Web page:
2 Corinthians 7:9-11 ~ 20190714 ~ Pastor Rodney Zedicher ~ Ephraim Church of the Bible ~ www.ephraimbible.org
07/14_2 Corinthians 7:9-11; Repentance; Wounded to Heal ; Audio available at: http://www.ephraimbible.org/Sermons/20190714_2cor7_9-11.mp3
Review: Grief According To God
We are in 2 Corinthians 7. Paul has met Titus in Macedonia and been encouraged by him, especially by the report he received about their response to his severe letter. Their grief caused Paul to rejoice.
We looked last week at some examples of grief according to God that led to repentance, Rahab and David, in contrast to examples of worldly grief that ended in death, Achan and Saul.
Today I want to look more carefully at repentance, what biblical repentance is, what the outcome of repentance is, and how grief according to God can lead to repentance.
First, what repentance is. Jesus came
The good news of God, the time is fulfilled, the kingdom has appeared, repent and believe the good news. Jesus said in Luke 15:
After he rose from the dead, Jesus commissioned his followers
Repentance is to be proclaimed in the name of Jesus to all people. Repentance is what sinners do that brings joy to God. Repentance is connected with the forgiveness of sins. Repentance is connected with believing the good news.
Defining Repentance [μετάνοια]
Repentance comes from the Greek word μετάνοια, a compound word made up of μετά (after, a prefix that indicates movement or change) and νοιέω (to think, to consider, the mind and its thoughts and perceptions and dispositions and purposes); it means to think differently in retrospect, to have a change of heart and mind. This is a deep inward change.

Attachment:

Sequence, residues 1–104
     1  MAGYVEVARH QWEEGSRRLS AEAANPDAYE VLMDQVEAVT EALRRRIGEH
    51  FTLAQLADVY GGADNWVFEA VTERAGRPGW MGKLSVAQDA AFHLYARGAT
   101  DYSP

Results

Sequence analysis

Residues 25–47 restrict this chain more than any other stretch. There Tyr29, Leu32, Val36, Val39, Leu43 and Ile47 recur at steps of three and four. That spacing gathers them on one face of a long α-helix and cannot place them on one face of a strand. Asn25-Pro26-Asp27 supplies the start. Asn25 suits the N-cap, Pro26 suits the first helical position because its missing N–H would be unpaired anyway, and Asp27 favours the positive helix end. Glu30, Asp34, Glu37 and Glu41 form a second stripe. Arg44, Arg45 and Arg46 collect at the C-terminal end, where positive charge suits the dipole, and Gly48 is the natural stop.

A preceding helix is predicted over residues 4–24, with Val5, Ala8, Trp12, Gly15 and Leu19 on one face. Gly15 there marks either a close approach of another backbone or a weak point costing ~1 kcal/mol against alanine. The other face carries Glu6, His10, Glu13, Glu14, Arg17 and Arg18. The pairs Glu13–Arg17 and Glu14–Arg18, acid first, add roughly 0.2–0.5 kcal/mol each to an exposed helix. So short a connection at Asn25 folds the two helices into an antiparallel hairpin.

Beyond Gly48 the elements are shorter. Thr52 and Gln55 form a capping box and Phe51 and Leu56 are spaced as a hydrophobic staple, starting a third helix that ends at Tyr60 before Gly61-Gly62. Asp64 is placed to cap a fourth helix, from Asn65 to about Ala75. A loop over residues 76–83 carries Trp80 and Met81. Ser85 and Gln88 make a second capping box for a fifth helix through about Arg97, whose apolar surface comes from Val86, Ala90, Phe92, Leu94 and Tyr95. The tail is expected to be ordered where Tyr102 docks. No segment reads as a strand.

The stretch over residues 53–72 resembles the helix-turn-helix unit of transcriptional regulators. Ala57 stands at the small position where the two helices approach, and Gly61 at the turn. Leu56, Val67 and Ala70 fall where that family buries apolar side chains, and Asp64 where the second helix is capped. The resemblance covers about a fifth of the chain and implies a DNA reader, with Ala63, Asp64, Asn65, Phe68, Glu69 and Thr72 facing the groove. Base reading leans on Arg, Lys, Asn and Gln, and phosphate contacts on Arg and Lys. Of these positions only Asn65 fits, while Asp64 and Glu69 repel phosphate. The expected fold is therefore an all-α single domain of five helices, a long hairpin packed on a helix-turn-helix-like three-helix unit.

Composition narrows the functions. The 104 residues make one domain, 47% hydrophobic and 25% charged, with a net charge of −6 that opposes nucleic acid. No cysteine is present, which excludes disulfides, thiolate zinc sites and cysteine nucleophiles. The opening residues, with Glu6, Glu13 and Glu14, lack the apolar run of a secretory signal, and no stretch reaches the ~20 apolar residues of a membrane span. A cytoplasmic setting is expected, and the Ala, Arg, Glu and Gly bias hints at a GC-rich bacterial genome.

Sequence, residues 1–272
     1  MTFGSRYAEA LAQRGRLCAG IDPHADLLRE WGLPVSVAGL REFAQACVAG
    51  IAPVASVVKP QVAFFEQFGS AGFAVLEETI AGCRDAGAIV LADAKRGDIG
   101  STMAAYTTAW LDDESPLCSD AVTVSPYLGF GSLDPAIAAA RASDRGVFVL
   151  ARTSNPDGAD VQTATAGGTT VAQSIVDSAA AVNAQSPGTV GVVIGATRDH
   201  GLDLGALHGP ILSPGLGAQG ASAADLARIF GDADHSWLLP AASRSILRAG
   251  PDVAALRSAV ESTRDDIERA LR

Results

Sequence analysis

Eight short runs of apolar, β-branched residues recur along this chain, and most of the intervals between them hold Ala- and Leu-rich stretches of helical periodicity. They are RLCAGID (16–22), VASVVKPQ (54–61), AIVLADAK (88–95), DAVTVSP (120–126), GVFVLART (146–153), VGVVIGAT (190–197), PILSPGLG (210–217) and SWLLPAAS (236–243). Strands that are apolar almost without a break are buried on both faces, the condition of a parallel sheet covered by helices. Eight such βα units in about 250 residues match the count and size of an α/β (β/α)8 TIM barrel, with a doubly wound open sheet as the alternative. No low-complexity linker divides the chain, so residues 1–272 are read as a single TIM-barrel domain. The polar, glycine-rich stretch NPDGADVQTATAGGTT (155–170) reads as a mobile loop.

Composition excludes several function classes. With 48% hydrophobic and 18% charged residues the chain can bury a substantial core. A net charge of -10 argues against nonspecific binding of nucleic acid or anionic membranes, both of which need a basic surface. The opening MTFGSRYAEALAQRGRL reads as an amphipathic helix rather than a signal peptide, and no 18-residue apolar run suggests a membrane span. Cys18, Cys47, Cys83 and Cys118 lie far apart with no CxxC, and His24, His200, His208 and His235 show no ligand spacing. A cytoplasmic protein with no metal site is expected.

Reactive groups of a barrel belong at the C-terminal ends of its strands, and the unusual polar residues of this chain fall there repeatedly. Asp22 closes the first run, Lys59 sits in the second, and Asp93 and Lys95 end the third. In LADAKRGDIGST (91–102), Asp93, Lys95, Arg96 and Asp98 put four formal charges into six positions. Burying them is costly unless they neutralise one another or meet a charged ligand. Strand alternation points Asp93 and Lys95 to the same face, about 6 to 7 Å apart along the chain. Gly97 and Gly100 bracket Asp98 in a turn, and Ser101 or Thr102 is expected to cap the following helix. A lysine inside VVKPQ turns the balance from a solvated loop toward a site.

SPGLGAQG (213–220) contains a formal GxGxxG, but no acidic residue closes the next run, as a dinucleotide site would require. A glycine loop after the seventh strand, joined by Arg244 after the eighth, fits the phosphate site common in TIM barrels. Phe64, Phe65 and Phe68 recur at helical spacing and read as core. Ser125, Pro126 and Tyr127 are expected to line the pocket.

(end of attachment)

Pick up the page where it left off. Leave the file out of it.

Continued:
This word 'repent' is sometimes found with a different word [ἐπιστρέφω], a synonym that literally means to turn around. When Peter preached in Acts 3, he said:
Forgiveness of sins is contingent on this change of mind and change of direction. In Acts 26, Paul described his life and mission:
Conversion is another English word that has been used to try to capture this idea of turning, this new thinking, new direction. Conversion or repentance is a change of mind, a deep inward change, a turning away from what you were trusting in, hoping in, holding on to, a turning toward God, to treasure him, to trust him, to cling to him.
Fruit in Keeping with Repentance
This inward transformation produces fruit. People who truly turn, truly change, begin to live consistent with their new direction. John the Baptist called people to be genuine, to “bear fruit in keeping with repentance” (Mt.3:8).
The Duty of Repentance
Jesus commanded that we have this deep inward change of heart and mind, and believe or depend on the gospel. He instructed his followers to proclaim to the nations that they experience this inward change and their sins would be forgiven in Jesus' name, because he suffered in their place. He said there would be consequences, condemnation for those who refuse to repent.
This turning, this genuine inward change of heart and mind is required for the forgiveness of sins through Jesus.